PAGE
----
Community care is vital for our well-being. I was talking to a Groover the other day who was a bit out of their normal rhythms of working. They had some travel time off work, so they hadn’t been Grooving in the last 10 days; for context, in a typical week, they might Groove 15+ times. And, they said to me, “I started to feel really disconnected and lonely. And, I knew Groove was the solution to get me out of that funk.” They needed some community care after all that self-care on vacation they had!

2. Sacredness is in the doing

Sacred is a word that comes up pretty often within the Groove team. It’s a word Josh, our CEO & Co-founder uses often to describe the magic of a 50-minute Groove session. “It’s a sacred time,” he says regularly. I’ve interpreted Josh’s use of the word as it’s a dedicated, focus session, uninterrupted, all about you making progress, growing, and getting farther along in your journey.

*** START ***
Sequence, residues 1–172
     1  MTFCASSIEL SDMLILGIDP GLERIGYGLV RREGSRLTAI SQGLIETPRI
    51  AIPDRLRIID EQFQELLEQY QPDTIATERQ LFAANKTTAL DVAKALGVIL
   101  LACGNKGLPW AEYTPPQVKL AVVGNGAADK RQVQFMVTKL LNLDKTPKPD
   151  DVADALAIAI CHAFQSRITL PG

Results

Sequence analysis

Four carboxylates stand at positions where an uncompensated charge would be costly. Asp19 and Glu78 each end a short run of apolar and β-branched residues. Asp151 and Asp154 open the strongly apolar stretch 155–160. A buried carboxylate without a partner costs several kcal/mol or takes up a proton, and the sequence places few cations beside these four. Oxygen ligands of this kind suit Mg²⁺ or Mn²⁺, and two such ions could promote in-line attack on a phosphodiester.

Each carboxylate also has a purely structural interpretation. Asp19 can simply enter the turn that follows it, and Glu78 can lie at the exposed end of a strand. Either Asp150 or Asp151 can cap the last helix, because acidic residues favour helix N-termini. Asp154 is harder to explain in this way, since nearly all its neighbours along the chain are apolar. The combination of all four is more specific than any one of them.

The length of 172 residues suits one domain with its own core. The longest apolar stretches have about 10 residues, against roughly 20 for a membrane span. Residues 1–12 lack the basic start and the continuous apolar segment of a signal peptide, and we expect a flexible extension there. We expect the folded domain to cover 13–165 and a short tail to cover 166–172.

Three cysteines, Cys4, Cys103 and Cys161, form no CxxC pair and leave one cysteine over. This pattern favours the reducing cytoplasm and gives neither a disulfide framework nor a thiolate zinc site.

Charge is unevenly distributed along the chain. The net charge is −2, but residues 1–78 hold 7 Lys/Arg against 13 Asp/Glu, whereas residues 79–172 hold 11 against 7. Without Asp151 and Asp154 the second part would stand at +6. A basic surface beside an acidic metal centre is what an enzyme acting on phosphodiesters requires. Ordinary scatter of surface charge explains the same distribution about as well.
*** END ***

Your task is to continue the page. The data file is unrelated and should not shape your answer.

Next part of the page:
Casper uses this word often throughout the book and challenges how it’s used regularly.

“In everyday language, we think of sacred as an adjective, as a synonym for holy or blessed. It describes something static maybe a little dusty, outside our day-to-day experience, but it is much better understood as a verb. something that we do. the word sacred itself comes from the Latin word “sacrare*”** which means to consecrate or dedicate. And, to consecrate means to declare or make something holy. So the sacredness is in the doing. That means we have enormous agency to make sacred happen ourselves.*

Now, I love the word “sacred” even more! Groove is a time for doing. The last line is the most powerful of all though; we’re in control of making sacred happen.

3. Everyone seeks and creates sacredness differently